Keel Laid for Holland America’s Largest Ship

first_imgzoom Seattle-based cruise company Holland America Line celebrated the keel laying of its new 2,650-guest Pinnacle Class ship on Aug. 22 at Fincantieri’s Marghera shipyard in Italy.A 680-ton block was lowered by crane into the yard’s building dock, marking the official beginning of construction. The 99,500-gross-ton ship is scheduled for delivery in February 2016.The event was attended by Holland America Line’s Keith Taylor, senior vice president, fleet operations and Cyril Tatar, vice president, newbuild and technical operations.“The keel laying of our new Pinnacle Class vessel heightens the anticipation for delivery because very soon we’ll see the ship begin to take shape,” said Stein Kruse, president and CEO of Holland America Line.“As the largest ship ever built for Holland America Line, the vessel features many innovations and new features, and we’re excited to see it all come together over the next year and a half.”The ship will showcase decors by leading hospitality designer Adam D. Tihany, based in New York City, and designer and architect Bjorn Storbraaten, based in Oslo, Norway.Press Release, August 27, 2014last_img read more

Book takes readers to Bewundering World of Bewilderbeests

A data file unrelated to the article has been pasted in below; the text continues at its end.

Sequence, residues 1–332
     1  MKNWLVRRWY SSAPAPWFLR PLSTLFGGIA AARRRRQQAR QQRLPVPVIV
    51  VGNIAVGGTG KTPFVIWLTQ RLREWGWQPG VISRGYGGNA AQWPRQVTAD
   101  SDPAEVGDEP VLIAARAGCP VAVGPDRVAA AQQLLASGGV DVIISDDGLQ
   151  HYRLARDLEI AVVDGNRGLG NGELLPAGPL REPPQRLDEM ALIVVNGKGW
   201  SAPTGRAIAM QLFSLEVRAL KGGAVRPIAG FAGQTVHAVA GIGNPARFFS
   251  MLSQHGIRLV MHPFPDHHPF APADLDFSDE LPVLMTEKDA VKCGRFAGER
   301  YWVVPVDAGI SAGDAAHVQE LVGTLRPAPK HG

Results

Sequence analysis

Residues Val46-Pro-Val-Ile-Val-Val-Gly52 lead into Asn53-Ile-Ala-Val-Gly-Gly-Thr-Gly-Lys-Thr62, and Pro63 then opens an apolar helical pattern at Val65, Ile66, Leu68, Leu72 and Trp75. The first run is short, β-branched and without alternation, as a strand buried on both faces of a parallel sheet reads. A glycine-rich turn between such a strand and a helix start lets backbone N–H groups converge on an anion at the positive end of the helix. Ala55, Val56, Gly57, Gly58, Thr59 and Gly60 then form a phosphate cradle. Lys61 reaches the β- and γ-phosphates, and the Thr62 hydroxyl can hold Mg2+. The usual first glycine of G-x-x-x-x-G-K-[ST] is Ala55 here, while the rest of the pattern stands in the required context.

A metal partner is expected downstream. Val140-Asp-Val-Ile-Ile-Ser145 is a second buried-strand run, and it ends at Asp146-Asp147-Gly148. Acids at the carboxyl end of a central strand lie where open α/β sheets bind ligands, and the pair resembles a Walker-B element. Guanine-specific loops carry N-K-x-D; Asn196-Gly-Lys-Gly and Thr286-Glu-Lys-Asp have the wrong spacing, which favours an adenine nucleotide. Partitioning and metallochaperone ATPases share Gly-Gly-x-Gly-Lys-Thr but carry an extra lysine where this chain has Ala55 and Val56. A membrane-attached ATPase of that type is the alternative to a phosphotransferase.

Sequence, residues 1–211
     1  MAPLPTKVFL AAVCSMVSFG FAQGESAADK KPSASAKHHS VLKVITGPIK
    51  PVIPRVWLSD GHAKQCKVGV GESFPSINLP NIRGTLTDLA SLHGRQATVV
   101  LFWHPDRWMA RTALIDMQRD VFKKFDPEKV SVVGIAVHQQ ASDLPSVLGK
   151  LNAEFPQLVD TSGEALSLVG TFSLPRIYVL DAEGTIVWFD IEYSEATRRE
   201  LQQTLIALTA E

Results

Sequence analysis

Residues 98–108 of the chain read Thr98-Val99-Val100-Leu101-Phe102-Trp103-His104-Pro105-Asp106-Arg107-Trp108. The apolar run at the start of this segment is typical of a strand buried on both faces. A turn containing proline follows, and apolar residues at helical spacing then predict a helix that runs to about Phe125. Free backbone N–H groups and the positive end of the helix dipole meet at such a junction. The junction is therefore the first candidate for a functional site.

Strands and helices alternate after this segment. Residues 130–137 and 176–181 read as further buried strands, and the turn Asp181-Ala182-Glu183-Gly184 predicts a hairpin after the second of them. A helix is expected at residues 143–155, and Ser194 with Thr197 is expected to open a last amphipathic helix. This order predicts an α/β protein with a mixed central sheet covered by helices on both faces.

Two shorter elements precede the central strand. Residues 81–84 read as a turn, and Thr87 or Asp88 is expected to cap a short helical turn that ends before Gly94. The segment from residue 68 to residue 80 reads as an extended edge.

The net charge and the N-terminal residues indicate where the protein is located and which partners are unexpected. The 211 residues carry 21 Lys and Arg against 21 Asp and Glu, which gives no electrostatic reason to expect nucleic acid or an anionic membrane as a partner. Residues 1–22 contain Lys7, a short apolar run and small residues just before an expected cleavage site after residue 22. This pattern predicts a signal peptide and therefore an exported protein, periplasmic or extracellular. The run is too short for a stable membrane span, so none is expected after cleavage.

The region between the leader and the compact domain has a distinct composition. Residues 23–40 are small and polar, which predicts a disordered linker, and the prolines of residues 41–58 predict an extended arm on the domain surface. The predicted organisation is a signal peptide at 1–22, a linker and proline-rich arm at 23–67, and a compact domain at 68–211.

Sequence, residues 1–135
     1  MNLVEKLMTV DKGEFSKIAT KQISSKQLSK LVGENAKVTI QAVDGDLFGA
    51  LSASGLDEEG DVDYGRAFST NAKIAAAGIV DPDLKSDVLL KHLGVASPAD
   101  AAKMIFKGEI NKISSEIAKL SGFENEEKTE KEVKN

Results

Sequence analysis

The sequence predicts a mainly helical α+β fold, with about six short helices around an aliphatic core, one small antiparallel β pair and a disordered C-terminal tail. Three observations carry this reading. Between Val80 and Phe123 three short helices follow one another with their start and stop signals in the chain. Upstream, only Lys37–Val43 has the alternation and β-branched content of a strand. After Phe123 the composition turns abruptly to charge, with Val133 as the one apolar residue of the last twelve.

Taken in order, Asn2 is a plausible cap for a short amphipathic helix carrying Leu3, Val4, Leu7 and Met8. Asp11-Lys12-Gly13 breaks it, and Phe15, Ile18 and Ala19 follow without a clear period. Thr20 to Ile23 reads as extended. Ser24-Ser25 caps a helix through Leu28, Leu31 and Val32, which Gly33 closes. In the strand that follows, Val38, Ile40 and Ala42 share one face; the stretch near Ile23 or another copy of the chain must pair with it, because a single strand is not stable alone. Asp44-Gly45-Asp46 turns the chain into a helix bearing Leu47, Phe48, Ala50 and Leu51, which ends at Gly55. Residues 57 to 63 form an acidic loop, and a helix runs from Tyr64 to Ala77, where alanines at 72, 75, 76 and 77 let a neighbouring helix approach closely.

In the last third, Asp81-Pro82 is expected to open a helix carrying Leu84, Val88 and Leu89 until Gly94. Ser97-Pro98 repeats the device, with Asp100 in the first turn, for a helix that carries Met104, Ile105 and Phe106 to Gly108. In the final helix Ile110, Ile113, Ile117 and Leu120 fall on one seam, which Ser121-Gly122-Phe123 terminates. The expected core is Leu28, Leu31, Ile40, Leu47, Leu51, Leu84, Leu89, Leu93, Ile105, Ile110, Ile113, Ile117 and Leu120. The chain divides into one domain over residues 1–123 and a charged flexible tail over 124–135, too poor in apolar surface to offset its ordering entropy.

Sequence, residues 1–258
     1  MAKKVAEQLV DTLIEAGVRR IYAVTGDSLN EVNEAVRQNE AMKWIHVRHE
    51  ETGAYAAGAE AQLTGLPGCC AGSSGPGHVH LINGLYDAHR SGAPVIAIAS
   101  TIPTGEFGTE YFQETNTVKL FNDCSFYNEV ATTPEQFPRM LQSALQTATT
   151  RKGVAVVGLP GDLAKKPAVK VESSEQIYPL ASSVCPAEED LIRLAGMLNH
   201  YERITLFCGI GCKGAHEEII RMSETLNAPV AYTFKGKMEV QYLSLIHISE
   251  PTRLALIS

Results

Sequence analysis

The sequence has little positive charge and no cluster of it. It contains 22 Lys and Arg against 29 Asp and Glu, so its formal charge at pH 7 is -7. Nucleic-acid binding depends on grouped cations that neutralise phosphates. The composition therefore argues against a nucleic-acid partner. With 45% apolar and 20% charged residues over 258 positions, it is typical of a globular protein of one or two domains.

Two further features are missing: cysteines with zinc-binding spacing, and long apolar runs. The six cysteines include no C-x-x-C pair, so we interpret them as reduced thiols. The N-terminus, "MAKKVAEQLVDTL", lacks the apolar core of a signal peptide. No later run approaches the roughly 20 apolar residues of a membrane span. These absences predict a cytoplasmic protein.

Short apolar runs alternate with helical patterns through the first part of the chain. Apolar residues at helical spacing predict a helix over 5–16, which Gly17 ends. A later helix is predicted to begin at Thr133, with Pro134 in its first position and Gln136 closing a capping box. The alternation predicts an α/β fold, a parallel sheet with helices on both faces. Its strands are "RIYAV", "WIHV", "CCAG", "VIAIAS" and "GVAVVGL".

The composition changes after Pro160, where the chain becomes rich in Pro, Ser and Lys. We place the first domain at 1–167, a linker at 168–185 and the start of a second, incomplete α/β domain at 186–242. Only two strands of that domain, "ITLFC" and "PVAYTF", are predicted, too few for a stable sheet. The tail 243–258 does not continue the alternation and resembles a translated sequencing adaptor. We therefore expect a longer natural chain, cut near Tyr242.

A Vittoria native has created an entirely new world to escape to in her debut picture book, The Bewundering World of Bewilderbeests.Bailey Fort, who now lives in Toronto, returned to Norfolk County on Thursday to sign copies of the book at an event at Norfolk General Hospital.Fort, who went to Queen’s University and the George Brown College School of Design, came up with the idea for the book for a class assignment.“We didn’t have to do an entire children’s book, just some ideas for one,” Fort said about the assignment.“I just couldn’t quite leave it behind,” she said.“I decided to keep going with it.”Readers are taken “beyond the high seas, A-way to the east” to the Bewundering World of Bewilderbeests, where they are introduced to characters such as the snaggle-toofed bandersnoot, two-headed mugwump and  the millipus, which has a million arms.Fort said she added to a list of possible names for the book’s characters whenever she heard interesting words.“I was trying to think of what I loved as a kid,” said Fort. “I loved wordplay and silly poems. I thought that was a really engaging way to get kids reading.”Fort wrote and illustrated the book. She then created a campaign to fund its production and started her own publishing company to self-published the work.The author said her main goal is to get children to love reading.“I wanted to do something with rich, colourful illustrations that would also be appealing to children.”She has three other books in the works, including a follow up to her first book, one about mythical beasts and one with alliteration to teach young readers the different sounds made by the same letters.Copies of The Bewundering World of Bewilderbeests are available in Norfolk General’s gift read more